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Established in 1800, Alex. Brown stands as one of America’s oldest and most esteemed investment banks. A storied institution, it weathered the highs and lows of the ’90s tech bubble before being acquired by Deutsche Bank in 1999. In 2016, Deutsche Bank rebranded it as “Deutsche Bank Advisors,” only for it to be later acquired by Raymond James.

Transition Challenges: Raymond James, a well-run institution with a diverse platform, reintroduced the iconic “Alex. Brown” brand to designate its UHNW division. However, the integration hasn’t been seamless. Over the past 25 years, the Alex. Brown name has changed hands multiple times, leaving its advisors searching for identity amidst the shuffle.

Cultural Shift: For Alex. Brown advisors, assimilating into Raymond James is akin to moving from a Rolex to a Timex. Raymond James primarily caters to mid-level producers and average net-worth clients, a demographic distinct from the white-shoed clientele Alex. Brown traditionally serves.

The Catalyst for Independence: Haig Ariyan’s departure from Raymond James’s Alex. Brown division in pursuit of independent ventures in July 2023 sent shockwaves through the advisor community. Ariyan’s landing at Arax Investment Partners, an independent firm collaborator, hints at a potential path toward independence for Alex. Brown advisors.

The Exodus and Evaluation: Since Ariyan’s departure, advisors have continued to leave, exploring various options from joining large wirehouses to pursuing independence through supported platforms. As of September 2023, the seven-year contracts advisors signed are up for assessment, prompting a critical juncture for the advisor community. Roger Gershman of The Gershman Group recently sat down with Haig Ariyan to ask him about the move and the role of independent RIAs now and into the future, click here to listen.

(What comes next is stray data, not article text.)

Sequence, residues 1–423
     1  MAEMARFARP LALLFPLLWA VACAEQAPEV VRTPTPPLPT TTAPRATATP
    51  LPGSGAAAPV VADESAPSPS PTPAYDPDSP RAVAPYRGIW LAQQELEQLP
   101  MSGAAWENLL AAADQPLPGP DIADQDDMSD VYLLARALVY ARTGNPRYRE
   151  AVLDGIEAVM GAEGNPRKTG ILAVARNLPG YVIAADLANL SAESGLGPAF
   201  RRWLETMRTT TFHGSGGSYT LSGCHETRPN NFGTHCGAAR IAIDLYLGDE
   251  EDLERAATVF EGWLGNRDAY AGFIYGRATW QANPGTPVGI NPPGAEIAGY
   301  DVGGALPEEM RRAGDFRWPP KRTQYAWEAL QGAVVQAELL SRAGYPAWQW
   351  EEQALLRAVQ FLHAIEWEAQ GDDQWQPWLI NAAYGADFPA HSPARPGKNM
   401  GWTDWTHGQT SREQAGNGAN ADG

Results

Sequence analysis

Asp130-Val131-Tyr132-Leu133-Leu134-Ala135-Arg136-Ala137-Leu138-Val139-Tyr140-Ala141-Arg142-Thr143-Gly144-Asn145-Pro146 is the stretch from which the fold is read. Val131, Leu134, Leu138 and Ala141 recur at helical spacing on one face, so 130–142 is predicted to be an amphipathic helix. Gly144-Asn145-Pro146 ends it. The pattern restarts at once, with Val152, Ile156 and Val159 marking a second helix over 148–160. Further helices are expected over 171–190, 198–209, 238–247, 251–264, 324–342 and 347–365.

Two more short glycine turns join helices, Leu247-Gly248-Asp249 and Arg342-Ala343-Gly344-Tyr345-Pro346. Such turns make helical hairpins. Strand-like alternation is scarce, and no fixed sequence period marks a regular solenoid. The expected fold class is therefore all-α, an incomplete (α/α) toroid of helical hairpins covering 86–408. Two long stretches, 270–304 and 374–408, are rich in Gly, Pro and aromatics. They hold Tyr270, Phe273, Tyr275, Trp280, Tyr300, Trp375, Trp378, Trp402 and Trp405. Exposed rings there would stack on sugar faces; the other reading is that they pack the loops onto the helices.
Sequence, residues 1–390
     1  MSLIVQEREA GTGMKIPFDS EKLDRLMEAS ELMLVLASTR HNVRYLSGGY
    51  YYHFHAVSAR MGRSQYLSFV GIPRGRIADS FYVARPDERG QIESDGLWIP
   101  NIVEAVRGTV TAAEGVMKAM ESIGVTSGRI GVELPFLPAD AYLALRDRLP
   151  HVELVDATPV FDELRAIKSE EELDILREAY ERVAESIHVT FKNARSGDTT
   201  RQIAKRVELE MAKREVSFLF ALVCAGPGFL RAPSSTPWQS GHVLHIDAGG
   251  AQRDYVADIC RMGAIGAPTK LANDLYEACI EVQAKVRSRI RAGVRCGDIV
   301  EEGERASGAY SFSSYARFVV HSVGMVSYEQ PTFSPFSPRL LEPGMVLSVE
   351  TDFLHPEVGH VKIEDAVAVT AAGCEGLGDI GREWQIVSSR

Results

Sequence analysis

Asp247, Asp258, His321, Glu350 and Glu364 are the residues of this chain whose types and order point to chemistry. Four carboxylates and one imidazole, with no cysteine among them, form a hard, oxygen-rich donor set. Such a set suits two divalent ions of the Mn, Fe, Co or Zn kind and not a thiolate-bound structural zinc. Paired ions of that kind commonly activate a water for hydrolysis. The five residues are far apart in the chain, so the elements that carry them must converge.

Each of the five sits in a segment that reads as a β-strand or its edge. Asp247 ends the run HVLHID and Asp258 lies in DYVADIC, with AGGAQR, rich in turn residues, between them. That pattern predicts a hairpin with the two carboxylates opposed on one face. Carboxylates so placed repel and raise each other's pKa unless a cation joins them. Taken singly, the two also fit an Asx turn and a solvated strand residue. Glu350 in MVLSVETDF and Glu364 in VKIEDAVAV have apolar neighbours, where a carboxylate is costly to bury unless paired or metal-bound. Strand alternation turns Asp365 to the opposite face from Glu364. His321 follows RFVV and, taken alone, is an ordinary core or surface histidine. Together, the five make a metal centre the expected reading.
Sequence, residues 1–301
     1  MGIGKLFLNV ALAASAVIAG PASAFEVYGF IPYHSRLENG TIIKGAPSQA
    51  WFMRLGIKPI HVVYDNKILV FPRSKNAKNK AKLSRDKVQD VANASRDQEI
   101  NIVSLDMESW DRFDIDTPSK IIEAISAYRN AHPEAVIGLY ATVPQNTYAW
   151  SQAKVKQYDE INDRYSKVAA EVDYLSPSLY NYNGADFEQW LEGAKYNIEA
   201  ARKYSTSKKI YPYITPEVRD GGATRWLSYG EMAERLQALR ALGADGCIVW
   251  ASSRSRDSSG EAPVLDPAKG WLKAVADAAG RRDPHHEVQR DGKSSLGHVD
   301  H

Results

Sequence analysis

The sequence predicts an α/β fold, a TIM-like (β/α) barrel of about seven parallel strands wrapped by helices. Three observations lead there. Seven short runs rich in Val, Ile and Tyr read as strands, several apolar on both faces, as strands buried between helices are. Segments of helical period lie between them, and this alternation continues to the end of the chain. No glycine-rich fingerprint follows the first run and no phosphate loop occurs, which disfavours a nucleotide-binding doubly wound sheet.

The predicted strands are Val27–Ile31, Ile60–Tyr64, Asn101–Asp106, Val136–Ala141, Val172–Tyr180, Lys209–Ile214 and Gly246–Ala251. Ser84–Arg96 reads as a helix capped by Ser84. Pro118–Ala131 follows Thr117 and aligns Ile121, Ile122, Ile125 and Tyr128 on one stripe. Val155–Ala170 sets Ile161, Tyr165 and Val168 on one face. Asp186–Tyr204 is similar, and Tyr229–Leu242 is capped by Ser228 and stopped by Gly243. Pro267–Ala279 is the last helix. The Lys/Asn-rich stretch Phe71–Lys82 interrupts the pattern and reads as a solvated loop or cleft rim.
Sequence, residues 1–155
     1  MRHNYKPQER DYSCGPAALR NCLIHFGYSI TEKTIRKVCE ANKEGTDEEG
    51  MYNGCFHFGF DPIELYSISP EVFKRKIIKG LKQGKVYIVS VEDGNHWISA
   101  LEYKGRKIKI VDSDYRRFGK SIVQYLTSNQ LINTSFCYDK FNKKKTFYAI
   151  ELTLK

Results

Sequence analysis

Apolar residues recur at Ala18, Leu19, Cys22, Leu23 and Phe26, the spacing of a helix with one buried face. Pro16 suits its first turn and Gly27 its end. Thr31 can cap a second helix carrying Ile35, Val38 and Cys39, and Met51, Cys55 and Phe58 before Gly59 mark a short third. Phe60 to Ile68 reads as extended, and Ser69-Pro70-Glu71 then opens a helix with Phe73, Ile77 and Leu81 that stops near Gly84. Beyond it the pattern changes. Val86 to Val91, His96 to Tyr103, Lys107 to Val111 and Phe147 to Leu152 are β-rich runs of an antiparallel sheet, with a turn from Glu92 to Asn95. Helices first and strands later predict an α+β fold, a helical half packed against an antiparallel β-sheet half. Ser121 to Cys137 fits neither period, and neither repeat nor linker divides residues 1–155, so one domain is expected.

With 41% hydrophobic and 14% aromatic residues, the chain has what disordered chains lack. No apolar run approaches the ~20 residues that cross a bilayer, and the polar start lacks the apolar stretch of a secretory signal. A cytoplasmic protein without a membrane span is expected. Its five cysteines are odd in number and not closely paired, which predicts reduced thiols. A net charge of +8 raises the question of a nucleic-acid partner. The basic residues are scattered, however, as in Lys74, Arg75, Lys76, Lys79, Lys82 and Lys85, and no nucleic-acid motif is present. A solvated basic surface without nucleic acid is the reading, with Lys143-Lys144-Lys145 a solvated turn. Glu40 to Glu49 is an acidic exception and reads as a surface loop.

Survey Insights: An independent study sponsored by The Gershman Group provides vital insights into the sentiments of Alex. Brown’s remaining advisors. Notably, 48% of respondents expressed openness to exploring new opportunities, while only 32% believe that Alex. Brown advisors will remain within the organization a decade from now.

Cultural Fit in Mergers and Acquisitions: Recent industry shifts, including the integration of FRB advisors into JPMorgan Chase and the repercussions of Goldman Sachs PFM’s transition to Creative Planning, and Merrill Lynch/B of A, highlight a recurring oversight—culture and fit. It proves challenging to compromise on service, branding, and offerings, especially for entrepreneurial-minded advisors unwilling to conform to big-firm groupthink.

Empowering Advisors: Advisors are encouraged to assess their options, recognizing their worth, evaluating their options, and embrace change without fear of dire consequences. Ultimately, this shift positions advisors to lead their practices in alignment with their career-long aspirations.

The situation concludes that platforms and custodians are ubiquitous, there is a tug of war between advisors and banks, the result of which is a mass exodus towards independence.

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